The good and the bad

HIDDEN AGENDA - Mary Ann LL. Reyes (The Philippine Star) - June 20, 2020 - 12:00am

With the good comes the bad, unfortunately.

The COVID-19 pandemic, the quarantine protocols, and the fear being felt by many about going out of their homes has made the desired digital transformation and adoption faster.

According to PayPal officials, online transactions are up 20 percent year-over-year, with branded transactions increasing by over 43 percent, or more than double the pre-COVID levels in January and February.

Phoram Mehta, chief infosec officer for PayPal’s Asia Pacific region, and Guru Bhat, VP for omni channel and customer success, met with members of media in a virtual media briefing last Thursday to discuss trends and threats that have emerged as a result of digital transactions amidst the new normal and the growing importance of cyber hygiene to keep digital transactions secure.

PayPal, a global leader in digital payments, has been processing around 33.8 million transactions per day and $22,577 payments every second. As of end-2019, it had a total of 305 million active accounts with a total payment of $712 billion. Last May 1, officials revealed that the company had its largest day of transactions in its history, even larger than last year’s transactions on Black Friday or Cyber Monday.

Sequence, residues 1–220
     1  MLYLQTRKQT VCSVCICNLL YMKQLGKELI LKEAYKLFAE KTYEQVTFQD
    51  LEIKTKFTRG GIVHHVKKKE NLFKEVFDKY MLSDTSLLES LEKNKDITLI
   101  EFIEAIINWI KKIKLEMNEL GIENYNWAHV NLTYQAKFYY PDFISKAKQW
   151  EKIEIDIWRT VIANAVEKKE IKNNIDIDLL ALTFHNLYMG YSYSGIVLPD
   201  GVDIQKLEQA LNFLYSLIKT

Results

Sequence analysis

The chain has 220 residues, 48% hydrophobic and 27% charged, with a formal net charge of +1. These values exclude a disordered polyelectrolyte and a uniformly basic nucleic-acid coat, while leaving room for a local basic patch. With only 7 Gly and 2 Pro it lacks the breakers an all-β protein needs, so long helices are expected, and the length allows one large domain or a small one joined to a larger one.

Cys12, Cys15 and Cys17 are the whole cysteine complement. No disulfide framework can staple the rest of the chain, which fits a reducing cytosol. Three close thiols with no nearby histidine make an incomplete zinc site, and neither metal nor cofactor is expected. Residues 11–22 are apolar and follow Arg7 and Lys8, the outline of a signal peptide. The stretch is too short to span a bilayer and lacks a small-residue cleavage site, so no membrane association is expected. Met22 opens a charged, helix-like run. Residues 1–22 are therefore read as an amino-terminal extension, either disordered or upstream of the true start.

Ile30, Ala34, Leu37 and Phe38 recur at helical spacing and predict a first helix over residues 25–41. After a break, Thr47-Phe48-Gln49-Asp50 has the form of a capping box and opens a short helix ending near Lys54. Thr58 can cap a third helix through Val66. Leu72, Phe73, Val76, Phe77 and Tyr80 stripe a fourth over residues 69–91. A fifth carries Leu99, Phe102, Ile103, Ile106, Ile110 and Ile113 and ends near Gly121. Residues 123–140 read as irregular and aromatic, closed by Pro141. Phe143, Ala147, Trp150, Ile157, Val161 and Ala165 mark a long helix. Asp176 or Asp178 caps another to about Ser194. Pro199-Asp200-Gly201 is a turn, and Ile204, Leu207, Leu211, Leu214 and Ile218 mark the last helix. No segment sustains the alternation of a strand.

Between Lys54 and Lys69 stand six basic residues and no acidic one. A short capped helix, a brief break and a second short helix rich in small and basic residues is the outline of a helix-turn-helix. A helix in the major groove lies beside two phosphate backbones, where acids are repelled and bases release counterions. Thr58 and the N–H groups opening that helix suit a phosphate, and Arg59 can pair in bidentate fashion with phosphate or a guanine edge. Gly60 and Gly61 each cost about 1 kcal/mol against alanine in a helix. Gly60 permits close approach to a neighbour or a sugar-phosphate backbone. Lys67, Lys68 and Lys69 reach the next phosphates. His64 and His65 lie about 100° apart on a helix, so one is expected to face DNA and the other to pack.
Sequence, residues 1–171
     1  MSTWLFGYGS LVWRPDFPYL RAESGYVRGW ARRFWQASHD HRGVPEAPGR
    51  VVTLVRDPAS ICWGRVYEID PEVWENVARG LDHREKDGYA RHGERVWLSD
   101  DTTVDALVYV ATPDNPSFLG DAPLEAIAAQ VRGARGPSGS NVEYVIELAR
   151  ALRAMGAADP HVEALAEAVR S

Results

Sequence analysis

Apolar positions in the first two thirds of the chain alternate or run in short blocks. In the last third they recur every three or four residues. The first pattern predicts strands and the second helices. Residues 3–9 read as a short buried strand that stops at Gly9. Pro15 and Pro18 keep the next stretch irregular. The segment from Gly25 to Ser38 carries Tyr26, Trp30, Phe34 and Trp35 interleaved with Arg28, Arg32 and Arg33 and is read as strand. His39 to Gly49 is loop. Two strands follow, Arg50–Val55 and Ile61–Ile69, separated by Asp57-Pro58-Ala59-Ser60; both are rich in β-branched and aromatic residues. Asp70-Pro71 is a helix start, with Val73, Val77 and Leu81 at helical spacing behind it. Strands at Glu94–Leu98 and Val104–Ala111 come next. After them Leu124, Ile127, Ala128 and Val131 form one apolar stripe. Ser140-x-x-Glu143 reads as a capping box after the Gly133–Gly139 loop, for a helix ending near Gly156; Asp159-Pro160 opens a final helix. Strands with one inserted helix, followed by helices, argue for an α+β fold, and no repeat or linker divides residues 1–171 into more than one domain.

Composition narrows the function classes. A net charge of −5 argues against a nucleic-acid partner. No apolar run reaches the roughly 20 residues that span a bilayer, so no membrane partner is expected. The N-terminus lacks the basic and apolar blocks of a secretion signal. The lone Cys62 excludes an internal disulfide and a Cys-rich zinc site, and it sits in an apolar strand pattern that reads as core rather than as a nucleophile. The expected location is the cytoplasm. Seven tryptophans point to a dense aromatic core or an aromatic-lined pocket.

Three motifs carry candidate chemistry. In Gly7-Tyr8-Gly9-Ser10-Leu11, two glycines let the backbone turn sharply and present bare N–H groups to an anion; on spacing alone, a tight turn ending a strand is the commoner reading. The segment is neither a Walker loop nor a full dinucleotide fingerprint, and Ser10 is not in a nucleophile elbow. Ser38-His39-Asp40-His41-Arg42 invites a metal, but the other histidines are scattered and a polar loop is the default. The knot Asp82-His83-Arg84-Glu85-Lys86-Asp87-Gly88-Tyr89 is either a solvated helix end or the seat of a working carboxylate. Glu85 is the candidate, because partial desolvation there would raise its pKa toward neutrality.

A report from statista.com showed that in the first quarter of 2020, PayPal’s net payment volume in the first quarter of 2020 reached $190.57 billion, representing a 19 percent growth year-on-year. This payment volume was generated through the over 3.26 billion transactions it processed during that period.

The same report revealed that PayPal ranks third behind credit and debit cards and ahead of all other payment methods. In the United States, it is one of the most popular payment methods, accounting for 22 percent of online transactions.

The PayPal officials noted that the shift from offline to online has seen a pivotal growth in the Asia-Pacific region, with growth being driven by several factors, including high internet and smartphone penetration rates, globalization, increased consumer affluence, and improved logistics infrastructure.

COVID-19, they pointed out, has further accelerated the adoption of e-commerce. But while Japan and the Philippines’ internet economies have continued to grow, they noted that it still faces challenges, including consumer distrust and preference for cash-based transactions.

Fortunately, there is a major push by both governments to promote cashless payments, they said.